The Bush administration was criticised yesterday for organising an alternative climate change forum, as the United Nations secretary general and Britain stressed that the UN is the best place to discuss global measures.
"The UN climate process is the appropriate forum for negotiating global action," the UN's Ban Ki-moon, told world leaders and superstars of the climate movement, including the former US vice-president Al Gore and the Governor of California Arnold Schwarzenegger, in a veiled attack on President George Bush, who called a competing meeting of 16 major economies in Washington later this week.
The unprecedented global warming summit in New York was convened by Mr Ban to kick-start negotiations on a follow-up treaty to the Kyoto protocol, which expires in 2012. Those talks will begin in earnest in Bali this December. Speakers urged new political momentum on curbing emissions and pressure on America to accept mandatory limits.
Although the Environment Secretary Hilary Benn recognised that "every effort to foster international action" should be welcomed, he said in his speech that "the UN process must be central".
The UN chief also addressed a key American objection to negotiated limits on greenhouse-gas emissions, that it will be too damaging to the United States' economy. "Inaction now will prove the costliest action of all in the long term," he said.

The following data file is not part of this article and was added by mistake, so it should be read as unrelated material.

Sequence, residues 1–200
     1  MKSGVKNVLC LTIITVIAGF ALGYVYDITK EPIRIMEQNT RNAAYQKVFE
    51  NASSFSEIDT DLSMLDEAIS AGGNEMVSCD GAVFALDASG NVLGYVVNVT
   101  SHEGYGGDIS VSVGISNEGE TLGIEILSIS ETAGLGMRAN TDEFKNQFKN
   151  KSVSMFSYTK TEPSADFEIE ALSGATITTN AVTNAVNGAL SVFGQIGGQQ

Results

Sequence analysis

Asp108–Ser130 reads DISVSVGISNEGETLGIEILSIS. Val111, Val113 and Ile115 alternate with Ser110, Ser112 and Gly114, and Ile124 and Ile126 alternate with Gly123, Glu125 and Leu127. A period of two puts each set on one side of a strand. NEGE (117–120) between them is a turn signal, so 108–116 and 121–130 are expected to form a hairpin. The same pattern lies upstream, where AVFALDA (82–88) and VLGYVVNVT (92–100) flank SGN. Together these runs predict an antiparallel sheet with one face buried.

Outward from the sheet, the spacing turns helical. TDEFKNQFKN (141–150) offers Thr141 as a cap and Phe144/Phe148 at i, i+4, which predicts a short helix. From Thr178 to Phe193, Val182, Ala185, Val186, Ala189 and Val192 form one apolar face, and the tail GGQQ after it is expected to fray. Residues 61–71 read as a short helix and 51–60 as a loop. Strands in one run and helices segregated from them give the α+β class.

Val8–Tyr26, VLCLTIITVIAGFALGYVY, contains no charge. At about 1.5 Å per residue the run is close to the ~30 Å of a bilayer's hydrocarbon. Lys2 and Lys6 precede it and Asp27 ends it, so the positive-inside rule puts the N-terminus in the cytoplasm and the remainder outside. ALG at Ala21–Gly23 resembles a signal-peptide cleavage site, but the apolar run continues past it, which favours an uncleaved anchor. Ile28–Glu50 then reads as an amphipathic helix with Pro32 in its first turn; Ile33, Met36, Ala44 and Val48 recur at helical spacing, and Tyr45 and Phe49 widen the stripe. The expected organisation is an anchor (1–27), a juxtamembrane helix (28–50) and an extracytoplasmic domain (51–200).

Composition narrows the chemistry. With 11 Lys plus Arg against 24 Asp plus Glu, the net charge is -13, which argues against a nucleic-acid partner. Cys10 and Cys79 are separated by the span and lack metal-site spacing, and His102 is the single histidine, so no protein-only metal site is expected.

Mr Benn was among delegates insisting that binding emission reductions are the only answer. "We cannot say that often enough," he told reporters. "That means all of us, including the largest economy in the world – the United States."
Mr Bush, who has resisted negotiated caps on emissions and advocates new clean technologies to counter global warming, did not attend the main session but was to join a working dinner. The threat of climate change is set to emerge as the dominant theme of the annual General Assembly of the United Nations, which opens formally today.
Mr Ban told delegates: "This journey begins in Bali this December. It will succeed or fail based on the strength of the leadership and commitment displayed by the people in this hall."Reuse content